Longtime coffee pro Camila Coddou is taking on a new project, Barista Behind the Bar, where she travels to learn about the struggles of our nation’s baristas
BY ASHLEY RODRIGUEZ
BARISTA MAGAZINE ONLINE
What ails you as a barista? This answer can vary widely depending on who you’re asking, and where they’re located. Perhaps their difficulties lie in being a liberal-minded service professional in a small town, or in having to drive 50 miles just to attend a coffee event. Or maybe they’re challenged by working in a high-foot-traffic spot where breaks are sporadic.
Whatever it is, Camila Coddou wants to learn about it. After making coffee in Portland, Ore., for the last 13 years, she’s hitting the road and embarking on a new project called Barista Behind the Bar.
“I am a longtime coffee industry professional, having started my coffee journey at the age of 19. I’ve held various positions over the years, starting first as a barista, then moving into education and training, serving as manager for various independently owned cafes, and ultimately working as the operations manager for a roasting company,” Camila says. “And in these 13 years, you can bet I have seen a whole lot! The good, the delicious, and the not-super-awesome. I have experienced cafés that work like well-oiled machines, made lifelong friends, tasted incredible coffees, and developed my teaching and leadership skills. Over the years, I have also been subject to environments that failed to provide healthy work cultures or support the growth of their employees.”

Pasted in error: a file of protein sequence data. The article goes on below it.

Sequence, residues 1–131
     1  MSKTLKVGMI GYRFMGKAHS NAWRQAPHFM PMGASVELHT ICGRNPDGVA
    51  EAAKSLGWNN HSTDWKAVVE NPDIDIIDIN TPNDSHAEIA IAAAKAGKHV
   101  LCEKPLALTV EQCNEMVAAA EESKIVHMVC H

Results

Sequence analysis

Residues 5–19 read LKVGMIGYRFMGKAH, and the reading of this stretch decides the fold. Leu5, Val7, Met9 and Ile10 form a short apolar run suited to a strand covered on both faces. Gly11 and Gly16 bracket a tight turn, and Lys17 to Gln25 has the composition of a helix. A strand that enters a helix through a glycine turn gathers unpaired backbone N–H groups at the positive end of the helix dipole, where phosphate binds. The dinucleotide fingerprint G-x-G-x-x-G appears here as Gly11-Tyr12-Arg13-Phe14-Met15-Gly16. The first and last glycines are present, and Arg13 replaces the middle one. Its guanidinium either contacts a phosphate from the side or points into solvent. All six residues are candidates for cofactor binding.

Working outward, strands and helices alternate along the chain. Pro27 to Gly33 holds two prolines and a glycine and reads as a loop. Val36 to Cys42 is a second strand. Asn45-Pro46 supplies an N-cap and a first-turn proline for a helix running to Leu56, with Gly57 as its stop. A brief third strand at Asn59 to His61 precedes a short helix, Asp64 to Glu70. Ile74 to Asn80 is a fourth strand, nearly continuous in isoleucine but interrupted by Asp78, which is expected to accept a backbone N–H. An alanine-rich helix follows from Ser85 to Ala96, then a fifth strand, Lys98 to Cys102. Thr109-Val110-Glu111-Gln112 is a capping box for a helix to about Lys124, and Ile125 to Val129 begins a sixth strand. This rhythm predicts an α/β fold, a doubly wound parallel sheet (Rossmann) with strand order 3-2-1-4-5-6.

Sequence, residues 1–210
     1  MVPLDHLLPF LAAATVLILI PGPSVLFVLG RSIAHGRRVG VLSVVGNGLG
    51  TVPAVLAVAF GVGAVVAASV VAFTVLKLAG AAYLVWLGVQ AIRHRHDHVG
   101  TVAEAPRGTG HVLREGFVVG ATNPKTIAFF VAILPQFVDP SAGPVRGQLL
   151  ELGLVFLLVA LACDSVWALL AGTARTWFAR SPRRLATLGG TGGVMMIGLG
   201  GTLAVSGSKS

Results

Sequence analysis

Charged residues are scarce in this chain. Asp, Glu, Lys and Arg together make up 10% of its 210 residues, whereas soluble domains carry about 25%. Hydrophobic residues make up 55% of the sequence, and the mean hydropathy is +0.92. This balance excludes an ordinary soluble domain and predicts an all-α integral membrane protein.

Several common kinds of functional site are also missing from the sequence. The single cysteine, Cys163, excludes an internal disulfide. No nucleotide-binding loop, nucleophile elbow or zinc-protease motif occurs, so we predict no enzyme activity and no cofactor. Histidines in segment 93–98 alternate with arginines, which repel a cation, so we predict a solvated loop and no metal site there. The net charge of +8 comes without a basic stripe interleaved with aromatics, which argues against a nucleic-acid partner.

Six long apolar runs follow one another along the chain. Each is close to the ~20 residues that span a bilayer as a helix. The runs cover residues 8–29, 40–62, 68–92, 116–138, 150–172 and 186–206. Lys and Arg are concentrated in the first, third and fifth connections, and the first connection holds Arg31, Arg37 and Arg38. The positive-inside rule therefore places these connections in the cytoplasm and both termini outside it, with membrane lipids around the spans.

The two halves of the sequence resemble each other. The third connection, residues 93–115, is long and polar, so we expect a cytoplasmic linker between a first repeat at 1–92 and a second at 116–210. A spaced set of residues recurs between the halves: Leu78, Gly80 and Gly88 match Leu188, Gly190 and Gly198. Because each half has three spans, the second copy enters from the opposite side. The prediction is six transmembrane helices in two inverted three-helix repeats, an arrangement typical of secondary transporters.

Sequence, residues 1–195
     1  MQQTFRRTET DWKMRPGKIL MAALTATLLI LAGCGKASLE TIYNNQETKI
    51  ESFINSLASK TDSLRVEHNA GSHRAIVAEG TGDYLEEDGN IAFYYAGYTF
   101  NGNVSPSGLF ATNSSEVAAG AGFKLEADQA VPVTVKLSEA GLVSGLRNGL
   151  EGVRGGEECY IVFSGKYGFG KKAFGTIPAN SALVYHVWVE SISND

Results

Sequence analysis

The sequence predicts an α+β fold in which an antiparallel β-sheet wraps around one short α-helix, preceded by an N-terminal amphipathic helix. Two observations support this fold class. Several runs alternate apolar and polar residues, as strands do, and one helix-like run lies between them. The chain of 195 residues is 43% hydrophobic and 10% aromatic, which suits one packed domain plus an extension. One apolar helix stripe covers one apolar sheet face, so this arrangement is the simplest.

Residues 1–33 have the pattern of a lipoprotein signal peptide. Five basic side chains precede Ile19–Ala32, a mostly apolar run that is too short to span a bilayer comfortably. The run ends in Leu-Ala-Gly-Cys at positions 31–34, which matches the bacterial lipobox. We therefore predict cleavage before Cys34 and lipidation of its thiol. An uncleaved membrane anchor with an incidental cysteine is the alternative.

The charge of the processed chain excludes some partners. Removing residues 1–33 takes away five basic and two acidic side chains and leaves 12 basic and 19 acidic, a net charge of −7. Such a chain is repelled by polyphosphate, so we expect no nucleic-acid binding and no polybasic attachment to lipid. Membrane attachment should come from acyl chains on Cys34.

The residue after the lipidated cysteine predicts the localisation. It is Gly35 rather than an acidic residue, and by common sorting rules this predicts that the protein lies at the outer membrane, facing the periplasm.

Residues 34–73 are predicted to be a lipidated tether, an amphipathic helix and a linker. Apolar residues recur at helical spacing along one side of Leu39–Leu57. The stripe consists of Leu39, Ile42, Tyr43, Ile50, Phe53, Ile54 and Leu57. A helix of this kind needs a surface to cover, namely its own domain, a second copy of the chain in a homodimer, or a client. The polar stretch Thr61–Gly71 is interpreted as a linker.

Through this project, Camila hopes to learn more about what baristas are going through and how to translate those findings into creating more equitable and sustainable spaces. “My mission is to engage in conversation with baristas who have worked in the specialty-coffee industry in the United States. I am interested in the experience of the American barista, what sorts of challenges our industry is facing, what kinds of barriers baristas have faced in their careers, and how we make our work spaces accessible and safe for everyone who shares our passion,” she says. “I want to diversify the conversation that for so long has been kept in the hands of a small minority and move this conversation forward.”
Camila intends to be transparent throughout her journey, updating folks via social media and producing a curriculum on hiring practices at the end of her journey. “I will be posting updates via social media, blog-format writing, and at the end of my journey I plan on compiling findings and stories into an Equitable Hiring Practices curriculum to share with employers who are interested in improving hiring, training, and working conditions,” she says.
And how can you find her? “I will be traveling around the country this summer, starting at the end of May, in a converted Sprinter van, and conducting in-person interviews with any barista who wants to share their story,” she says. And if you want to tell your story, Camila is here to listen. “Wherever there are baristas who want to talk about their experience working in our industry, you’ll find me,” she adds.